In particular, lobbying organizations should be required to disclose specifically how they have used their lobbying funds and their primary donors in a timely manner. Quarterly reporting is not frequent enough for transparency. We need to have stronger rules on what gifts are acceptable for lawmakers to receive and what actions constitute a conflict of interest. Lawmakers need to be trained and acknowledge publicly that they are clear on the rules.

Enforcement is also an issue because there is rarely any effort to ensure compliance unless a complaint is made and moreover there are little to no repercussions if ethics violations take place. We need better accountability and guidelines for enforcement.

5. Would you support eliminating Hawaii’s high fees for access to public records when the request is in the public interest?

In general, I would say yes but this question is rather vague. Determining which requests would fall into the “public interest” category could be difficult and warrants careful consideration.

6. Voters complain their elected officials don’t listen to them. What would you do to improve communication?

I understand this voter frustration but there are two sides to this issue. It does seem that the more time legislators spend away from their districts, particularly those from the outer islands, the more voters feel their legislators are disconnected. I would support term limits for our state representatives but I would also like to see the house term extended from two years to four so representatives can spend more time connecting with voters rather than campaigning.

On the other hand, as I have been talking to voters, I have been shocked at how few voters actually know who their current representative is. We have a highly disengaged citizenry and this needs to change. It is as much our responsibility to make sure our voices are heard as it is for the representatives to listen to us. We need to be teaching civics to our children and educating ourselves on the process and players in our state’s government. We need to participate by seeking out our legislators and submitting testimony, and if our elected officials don’t listen – it is up to us to vote for someone who will.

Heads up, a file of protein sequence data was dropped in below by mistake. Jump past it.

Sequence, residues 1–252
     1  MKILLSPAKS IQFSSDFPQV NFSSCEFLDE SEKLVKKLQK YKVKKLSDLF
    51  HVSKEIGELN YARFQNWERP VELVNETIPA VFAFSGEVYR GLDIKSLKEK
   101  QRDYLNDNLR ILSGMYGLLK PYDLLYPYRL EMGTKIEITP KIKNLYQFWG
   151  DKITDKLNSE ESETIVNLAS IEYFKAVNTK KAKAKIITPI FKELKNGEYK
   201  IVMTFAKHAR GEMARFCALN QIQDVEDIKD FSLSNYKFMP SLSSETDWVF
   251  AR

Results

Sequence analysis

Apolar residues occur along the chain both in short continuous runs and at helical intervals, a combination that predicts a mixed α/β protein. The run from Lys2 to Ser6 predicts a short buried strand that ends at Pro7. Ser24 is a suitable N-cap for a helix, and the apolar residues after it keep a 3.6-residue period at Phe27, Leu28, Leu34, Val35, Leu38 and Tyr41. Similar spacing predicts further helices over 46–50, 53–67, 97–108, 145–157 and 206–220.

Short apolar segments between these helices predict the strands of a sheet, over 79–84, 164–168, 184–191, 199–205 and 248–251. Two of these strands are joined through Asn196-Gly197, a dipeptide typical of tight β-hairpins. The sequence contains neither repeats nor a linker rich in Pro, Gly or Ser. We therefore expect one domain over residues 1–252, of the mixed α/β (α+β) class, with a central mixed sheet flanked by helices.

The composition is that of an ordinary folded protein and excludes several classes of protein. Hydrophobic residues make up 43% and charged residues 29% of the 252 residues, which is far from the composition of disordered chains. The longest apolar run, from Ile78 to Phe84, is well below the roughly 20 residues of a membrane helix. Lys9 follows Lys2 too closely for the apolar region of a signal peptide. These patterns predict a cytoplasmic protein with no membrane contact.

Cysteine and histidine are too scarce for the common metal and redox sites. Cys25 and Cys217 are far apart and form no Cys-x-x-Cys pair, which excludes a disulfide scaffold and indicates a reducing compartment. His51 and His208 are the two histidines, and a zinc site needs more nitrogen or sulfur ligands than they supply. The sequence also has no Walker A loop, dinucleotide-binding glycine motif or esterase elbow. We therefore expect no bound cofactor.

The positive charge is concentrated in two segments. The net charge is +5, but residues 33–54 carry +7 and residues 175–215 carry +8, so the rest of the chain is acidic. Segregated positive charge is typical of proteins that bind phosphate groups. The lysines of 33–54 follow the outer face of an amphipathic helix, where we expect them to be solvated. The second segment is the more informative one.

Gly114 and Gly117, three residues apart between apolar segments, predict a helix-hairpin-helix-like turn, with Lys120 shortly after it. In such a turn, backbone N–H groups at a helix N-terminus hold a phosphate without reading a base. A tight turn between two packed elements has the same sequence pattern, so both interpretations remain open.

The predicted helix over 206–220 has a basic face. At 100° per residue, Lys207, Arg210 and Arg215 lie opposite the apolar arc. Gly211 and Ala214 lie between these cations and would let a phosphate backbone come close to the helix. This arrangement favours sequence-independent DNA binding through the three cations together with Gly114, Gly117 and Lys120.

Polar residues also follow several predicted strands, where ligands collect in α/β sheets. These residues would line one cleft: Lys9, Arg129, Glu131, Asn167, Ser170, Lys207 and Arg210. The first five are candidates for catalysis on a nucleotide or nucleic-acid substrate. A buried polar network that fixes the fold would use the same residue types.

7. What do you see as the most pressing issue facing your district? What will you do about it?

The most pressing issue facing our district is how to move forward after the departure of the cane industry. Even after all this time we are still struggling with how to develop and move forward in a way that makes our community resilient and sustainable. We have a number of challenges stemming from changes to our economy, demographics and climate. We need to address these issues with a strategic, focused, long-term approach.

My website has a number of specific objectives with respect to our path forward as a district but at the heart of it is reconnecting our community with each other and the land. We need to address our dependence on imported fossil fuels, support local diversified agriculture and business, and balance that with protecting and restoring our natural resources. We need to provide educational opportunities for our children not just in the schools but in the forests and the fields. We need to protect and embrace the positive elements of our cultural history while allowing for the integration of emerging technology and an increasingly connected world.

8. There is a desire to grow the economy through new development, yet also a need to protect our limited environmental resources. How would you balance these competing interests?

It is erroneous to think that development and protecting resources are inherently at odds. The truth is that we can have both if we are careful and thoughtful with our approach. The problem with thinking that we can’t have one without sacrificing the other is that we find ourselves responding to crisis with piecemeal, short-sighted solutions. We must acknowledge that development is going to happen, and we must also acknowledge that we surrender our future if we allow development to happen in a way that does not protect our resources.